[ClusterLabs] Antw: Re: Antw: Re: No Cluster fun (split brain)

Ulrich Windl Ulrich.Windl at rz.uni-regensburg.de
Wed May 27 11:26:15 EDT 2015

>>> Jan Friesse <jfriesse at redhat.com> schrieb am 20.05.2015 um 13:24 in
<555C6F01.4000904 at redhat.com>:
> Ulrich,
> Ulrich Windl napsal(a):
>>>>> Jan Pokorný<jpokorny at redhat.com> schrieb am 19.05.2015 um 20:38 in
>> Nachricht
>> <20150519183855.GK7411 at redhat.com>:
>>> On 19/05/15 17:50 +0200, Ulrich Windl wrote:
>>>> Now if the corosync guys would add comments to their C-code or at
>>>> least would respond to inquiried to their advertised mailing list...
>>> As I haven't found any posting of yours in dedicated corosync ML,
>>> I suppose you are already referring to this very one per
>>> "the advertisement":
>> I only found the "discuss" mailing list, and I tried to subscribe, but
>> got anything since then. I also think I send a message to "discuss" a few 
> days
>> after subscribing, but still I got back nothing...
> That's weird. There is really no mail from you on ML (even not in
> pending for approval). Also you are really not in membership list.

I found I had sent a message at " 15.05.2015 um 10:56 (MESZ)" to the list

> So I've just tried (successfully) subscribe coro ML. Manual: Go to
> http://lists.corosync.org/mailman/listinfo/discuss, put your email
> address to "Your email address:" field, click subscribe. You should get
> email from discuss-request at corosync.org with subject "confirm
> [0-9[a-f]*". Then just click on the link in the email and you should be
> subscribed. If email doesn't arrived to you, please check your spam
> folder or your mail server log if message was not trowed.
> Also you've wrote directly to me and I've replied you giving you two
> options where to send patches. ML or github pull (so use this option if
> ML doesn't work for you).

OK, some recent desaster prevented me to do any of the work I wanted to...

>>> http://lists.corosync.org/pipermail/discuss/2015-February/003464.html 
>>> FWIW, adding comments to the code after-the-fact is something highly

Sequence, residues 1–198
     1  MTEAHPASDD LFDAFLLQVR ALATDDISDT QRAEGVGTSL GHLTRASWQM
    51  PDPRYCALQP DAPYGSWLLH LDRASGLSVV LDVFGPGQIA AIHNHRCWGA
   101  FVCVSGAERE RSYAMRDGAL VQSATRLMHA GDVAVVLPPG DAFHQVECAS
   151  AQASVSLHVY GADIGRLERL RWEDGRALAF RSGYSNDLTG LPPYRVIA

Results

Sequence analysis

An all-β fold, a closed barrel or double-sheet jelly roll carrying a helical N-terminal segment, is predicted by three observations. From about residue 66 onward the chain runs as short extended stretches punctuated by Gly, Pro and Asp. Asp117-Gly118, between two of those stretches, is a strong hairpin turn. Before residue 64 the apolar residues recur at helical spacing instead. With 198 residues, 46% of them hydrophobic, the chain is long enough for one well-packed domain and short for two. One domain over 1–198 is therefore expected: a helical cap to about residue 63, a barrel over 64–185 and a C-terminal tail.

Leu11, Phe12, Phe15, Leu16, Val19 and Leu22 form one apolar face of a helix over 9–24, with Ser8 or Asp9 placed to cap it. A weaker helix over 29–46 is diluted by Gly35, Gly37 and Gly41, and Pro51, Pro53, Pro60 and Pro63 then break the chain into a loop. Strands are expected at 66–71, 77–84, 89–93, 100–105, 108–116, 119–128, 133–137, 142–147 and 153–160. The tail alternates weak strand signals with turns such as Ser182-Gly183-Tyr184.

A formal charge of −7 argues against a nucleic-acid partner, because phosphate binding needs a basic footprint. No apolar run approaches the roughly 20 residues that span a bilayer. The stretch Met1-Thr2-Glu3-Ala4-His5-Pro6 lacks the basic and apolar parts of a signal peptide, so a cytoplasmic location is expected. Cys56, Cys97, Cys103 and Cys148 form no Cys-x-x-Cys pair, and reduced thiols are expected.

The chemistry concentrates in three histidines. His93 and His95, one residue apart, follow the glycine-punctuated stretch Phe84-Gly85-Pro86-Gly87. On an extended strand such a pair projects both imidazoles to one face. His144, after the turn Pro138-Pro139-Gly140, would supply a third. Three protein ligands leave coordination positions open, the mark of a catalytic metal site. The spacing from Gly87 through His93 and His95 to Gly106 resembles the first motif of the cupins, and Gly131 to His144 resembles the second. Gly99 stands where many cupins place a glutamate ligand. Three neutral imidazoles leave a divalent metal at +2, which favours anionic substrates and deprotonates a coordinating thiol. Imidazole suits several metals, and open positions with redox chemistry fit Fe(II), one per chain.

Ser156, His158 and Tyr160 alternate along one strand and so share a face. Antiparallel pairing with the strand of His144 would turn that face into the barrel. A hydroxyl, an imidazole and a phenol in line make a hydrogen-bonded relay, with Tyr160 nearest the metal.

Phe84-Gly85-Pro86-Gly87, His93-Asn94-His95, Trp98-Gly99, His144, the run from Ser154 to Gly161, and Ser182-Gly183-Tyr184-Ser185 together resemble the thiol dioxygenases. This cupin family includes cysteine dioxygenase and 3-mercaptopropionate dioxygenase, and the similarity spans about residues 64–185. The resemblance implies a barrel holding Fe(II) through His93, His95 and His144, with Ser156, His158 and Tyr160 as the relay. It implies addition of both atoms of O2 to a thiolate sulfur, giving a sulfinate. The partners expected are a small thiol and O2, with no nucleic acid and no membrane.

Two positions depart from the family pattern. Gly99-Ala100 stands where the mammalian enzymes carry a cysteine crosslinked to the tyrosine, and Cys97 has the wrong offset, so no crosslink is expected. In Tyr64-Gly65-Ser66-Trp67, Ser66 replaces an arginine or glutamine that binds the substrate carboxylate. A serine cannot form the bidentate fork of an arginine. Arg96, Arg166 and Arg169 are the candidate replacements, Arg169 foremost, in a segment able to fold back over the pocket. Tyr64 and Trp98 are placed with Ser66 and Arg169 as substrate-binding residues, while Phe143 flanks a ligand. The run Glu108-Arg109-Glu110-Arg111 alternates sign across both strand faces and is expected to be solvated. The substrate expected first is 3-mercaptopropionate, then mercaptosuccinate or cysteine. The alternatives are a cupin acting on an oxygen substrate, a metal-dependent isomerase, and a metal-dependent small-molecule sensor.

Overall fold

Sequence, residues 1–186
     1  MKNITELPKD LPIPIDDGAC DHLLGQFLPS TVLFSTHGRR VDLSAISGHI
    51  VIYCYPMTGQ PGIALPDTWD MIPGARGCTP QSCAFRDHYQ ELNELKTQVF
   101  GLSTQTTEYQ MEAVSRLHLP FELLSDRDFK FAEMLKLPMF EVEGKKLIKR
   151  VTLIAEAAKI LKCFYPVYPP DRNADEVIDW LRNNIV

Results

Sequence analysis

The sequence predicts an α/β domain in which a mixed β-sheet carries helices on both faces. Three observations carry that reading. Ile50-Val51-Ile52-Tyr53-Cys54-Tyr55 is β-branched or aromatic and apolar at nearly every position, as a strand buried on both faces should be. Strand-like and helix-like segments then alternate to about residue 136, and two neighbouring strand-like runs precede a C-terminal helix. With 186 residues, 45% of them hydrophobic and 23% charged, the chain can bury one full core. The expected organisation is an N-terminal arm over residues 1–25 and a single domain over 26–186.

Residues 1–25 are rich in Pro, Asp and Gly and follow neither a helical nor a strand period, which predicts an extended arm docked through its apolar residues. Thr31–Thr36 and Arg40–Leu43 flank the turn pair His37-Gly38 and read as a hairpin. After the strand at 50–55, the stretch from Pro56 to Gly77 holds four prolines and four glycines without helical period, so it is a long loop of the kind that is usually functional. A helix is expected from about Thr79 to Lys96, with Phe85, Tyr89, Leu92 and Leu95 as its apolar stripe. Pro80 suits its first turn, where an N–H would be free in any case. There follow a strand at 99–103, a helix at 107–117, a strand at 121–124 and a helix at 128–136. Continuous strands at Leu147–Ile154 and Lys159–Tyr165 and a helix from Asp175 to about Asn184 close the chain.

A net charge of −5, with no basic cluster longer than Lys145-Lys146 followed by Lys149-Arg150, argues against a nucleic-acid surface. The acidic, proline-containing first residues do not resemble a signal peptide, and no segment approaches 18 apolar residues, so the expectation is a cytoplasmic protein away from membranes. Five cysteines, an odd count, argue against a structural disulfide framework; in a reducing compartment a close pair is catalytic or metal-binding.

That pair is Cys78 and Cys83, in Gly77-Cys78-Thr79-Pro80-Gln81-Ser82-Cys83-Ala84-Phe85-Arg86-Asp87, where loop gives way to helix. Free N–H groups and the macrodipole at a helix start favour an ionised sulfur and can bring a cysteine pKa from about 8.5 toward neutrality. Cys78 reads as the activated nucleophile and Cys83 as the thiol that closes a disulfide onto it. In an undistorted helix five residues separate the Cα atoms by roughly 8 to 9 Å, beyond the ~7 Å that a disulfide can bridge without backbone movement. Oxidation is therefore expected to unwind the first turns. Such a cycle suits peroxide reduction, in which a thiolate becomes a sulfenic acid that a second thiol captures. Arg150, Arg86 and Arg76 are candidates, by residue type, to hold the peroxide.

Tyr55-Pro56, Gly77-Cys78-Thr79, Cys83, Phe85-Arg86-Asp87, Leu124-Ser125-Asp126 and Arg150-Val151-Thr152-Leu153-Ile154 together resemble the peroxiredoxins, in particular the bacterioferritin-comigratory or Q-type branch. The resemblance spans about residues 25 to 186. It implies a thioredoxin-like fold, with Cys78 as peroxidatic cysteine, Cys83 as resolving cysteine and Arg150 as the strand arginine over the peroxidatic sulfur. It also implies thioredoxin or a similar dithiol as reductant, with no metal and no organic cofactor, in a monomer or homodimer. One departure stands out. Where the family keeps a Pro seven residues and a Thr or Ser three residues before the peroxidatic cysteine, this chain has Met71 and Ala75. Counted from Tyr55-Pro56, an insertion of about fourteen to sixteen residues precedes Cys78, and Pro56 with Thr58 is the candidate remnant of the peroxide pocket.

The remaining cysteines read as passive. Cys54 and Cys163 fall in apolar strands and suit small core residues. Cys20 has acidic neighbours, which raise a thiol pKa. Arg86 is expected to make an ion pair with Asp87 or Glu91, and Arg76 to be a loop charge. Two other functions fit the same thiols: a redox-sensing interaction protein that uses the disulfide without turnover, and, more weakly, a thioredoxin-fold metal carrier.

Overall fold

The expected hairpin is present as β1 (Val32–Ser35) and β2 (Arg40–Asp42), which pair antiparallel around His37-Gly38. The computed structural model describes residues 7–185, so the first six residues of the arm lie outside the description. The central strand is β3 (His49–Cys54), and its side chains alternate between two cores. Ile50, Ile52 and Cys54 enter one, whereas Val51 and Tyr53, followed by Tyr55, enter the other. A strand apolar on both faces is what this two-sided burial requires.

>>> unlikely unless you want to take a part in that.  You have the
>> Guessing from the code of a routine what the routine is probably meant to
>> is close to impossible, like guessing what the return codes try to say.
>> To give others an impression how the typical code looks like, I pick a 
> random
>> routine from exec/coroparse.c (There really are no comments before that
>> routine):
>> ---snip---
>> static char *strchr_rs (const char *haystack, int byte)
>> {
>>         const char *end_address = strchr (haystack, byte);
>>         if (end_address) {
>>                 end_address += 1; /* skip past { or = */
>>                 end_address += strspn (end_address, " \t");
>>         }
>>         return ((char *) end_address);
>> }
>> ---
> I strongly believe somebody who knows what strchr does is able to find
> out quite quickly what strchr_rs does.

You completely miss the idea of "procedural abstraction": If routines
(procedures and functions) are to used as building blocks (black boxes) by
anybody else rather than the original author (maybe it's even true for the
author after a year or two), these routines should have a description of what
they are supposed to do.
Note: "supposed to do", not "do": If the implemenatation is wrong, you'll
never find out otherwise.

So "strchr_rs()" is described with the following comment:
/* Cast signed int `byte' to a char to find that character in string
`haystack'; if found add one to the address where `byte' was found  and then
adds the number of spaces and TAB characters found at that address before it is
returned. If `bytes' was not found return NULL */

So you can see that the description is longer than the actual code, not
meaning that the comment is bad, but probably the code is. Also the comment
inside "/* skip past { or = */" is nonsense, because any character is skipped.

OK, just an example...

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